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Re: Solve Limitations

  • To: mathgroup at
  • Subject: [mg63222] Re: Solve Limitations
  • From: Paul Abbott <paul at>
  • Date: Mon, 19 Dec 2005 07:01:31 -0500 (EST)
  • Organization: The University of Western Australia
  • References: <IRGQVT$> <> <> <dnrcfl$khv$> <> <do0lb9$415$>
  • Sender: owner-wri-mathgroup at

In article <do0lb9$415$1 at>, Pratik Desai <pdesai1 at> 

> >In article <dnrcfl$khv$1 at>, Pratik Desai <pdesai1 at> 
> >wrote:
> >
> >>To state the obvious, in general roots of analytic functions are hard to 
> >>find. I had the misfoutune to come across a nasty complex trancendental 
> >>equation. I found this Fortran Code ZEAL (Zeros of Analytic Functions) 
> >>quite invaluable. Needless to say, Solve, Reduce did not help much.
> >>
> >>
> >>A Mathematica implimentation of this software would come a long way in 
> >>helping us poor engineers deal with such trancendental equations. The 
> >>system that I was dealing with has obvious practical significance, the 
> >>only hinderance being the lack of tools such as root solvers such as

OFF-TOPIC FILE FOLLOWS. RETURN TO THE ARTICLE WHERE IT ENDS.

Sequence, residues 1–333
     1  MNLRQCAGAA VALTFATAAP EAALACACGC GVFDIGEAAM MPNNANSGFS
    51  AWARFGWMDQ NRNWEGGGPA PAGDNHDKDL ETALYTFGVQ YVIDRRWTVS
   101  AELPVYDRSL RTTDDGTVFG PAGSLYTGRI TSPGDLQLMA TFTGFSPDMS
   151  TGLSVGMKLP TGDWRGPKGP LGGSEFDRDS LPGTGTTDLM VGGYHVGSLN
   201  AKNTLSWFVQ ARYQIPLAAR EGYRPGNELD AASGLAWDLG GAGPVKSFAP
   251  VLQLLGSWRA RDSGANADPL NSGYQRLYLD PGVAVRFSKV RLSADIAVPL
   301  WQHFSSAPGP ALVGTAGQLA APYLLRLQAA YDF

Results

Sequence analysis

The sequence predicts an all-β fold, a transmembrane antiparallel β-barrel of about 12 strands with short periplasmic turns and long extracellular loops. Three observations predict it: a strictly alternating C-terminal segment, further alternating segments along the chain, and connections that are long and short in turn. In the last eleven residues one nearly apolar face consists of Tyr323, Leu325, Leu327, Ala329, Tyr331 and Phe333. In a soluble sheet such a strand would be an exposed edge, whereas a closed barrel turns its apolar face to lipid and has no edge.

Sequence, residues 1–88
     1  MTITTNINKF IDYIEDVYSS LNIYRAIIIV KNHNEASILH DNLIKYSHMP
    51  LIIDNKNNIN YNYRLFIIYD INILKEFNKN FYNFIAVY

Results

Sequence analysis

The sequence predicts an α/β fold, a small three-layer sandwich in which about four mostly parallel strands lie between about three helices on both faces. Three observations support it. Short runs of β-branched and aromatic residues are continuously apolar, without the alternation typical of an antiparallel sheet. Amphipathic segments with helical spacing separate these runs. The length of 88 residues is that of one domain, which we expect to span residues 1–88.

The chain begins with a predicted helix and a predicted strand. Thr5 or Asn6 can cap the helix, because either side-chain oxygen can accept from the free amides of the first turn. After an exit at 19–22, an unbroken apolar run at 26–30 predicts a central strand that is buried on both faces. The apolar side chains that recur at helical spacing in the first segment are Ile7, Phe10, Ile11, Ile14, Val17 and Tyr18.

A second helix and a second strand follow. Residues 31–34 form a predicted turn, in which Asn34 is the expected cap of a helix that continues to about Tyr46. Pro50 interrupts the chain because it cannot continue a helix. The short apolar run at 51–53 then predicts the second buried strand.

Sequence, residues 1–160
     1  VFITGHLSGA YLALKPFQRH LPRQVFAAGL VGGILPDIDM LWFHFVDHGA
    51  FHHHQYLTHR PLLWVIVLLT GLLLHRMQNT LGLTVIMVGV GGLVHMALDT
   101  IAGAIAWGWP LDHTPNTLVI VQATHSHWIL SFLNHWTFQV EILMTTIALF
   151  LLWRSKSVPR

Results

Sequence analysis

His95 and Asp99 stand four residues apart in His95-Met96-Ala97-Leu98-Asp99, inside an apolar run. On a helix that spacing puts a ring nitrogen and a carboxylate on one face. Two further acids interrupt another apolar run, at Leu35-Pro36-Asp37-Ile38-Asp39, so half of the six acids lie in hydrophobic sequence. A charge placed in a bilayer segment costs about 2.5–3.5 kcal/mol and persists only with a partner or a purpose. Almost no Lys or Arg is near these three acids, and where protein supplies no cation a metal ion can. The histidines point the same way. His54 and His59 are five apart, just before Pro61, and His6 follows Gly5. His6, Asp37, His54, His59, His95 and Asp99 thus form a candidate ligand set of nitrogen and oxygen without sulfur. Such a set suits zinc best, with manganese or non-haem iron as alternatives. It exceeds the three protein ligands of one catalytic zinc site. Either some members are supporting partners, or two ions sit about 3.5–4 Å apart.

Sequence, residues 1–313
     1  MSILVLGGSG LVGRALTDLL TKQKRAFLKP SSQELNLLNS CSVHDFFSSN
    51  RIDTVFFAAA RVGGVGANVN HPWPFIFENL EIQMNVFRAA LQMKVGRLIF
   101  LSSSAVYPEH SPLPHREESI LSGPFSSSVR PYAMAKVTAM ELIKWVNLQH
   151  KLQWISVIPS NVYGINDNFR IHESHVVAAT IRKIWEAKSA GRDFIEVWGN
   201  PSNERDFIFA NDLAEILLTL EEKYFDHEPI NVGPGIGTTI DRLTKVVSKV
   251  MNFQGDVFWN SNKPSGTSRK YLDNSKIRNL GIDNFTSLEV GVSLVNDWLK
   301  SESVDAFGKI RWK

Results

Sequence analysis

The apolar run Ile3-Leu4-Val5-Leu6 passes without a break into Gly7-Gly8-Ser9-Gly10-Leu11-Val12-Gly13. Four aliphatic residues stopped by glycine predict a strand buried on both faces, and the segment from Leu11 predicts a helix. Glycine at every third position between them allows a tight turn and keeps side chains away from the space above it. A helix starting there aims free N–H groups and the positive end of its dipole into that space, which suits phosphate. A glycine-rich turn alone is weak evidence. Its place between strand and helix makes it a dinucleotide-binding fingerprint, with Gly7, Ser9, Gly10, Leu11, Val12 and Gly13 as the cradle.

> >>ZEAL. Any takers??
> >>
> >>PS: Zeal not only can find the zeros of f(z) but also gives one the 
> >>values for f(z) with high degre of precision
> >
> >Have a look at the RootSearch package by Ted Ersek:
> >
> >
> >
> >
> Thanks Paul
> I did try it out once. But I was under the impression it only dealt with 
> algebraics and reals, not analytic functions?

You are correct. In TMJ 6.1, Stan Wagon wrote a note about using 
ContourPlot to find the roots of two equations in two unknowns over a 
rectangular interval. This could be used to find the roots of analytic 
functions. See


Paul Abbott                                      Phone:  61 8 6488 2734
School of Physics, M013                            Fax: +61 8 6488 1014
The University of Western Australia         (CRICOS Provider No 00126G)    

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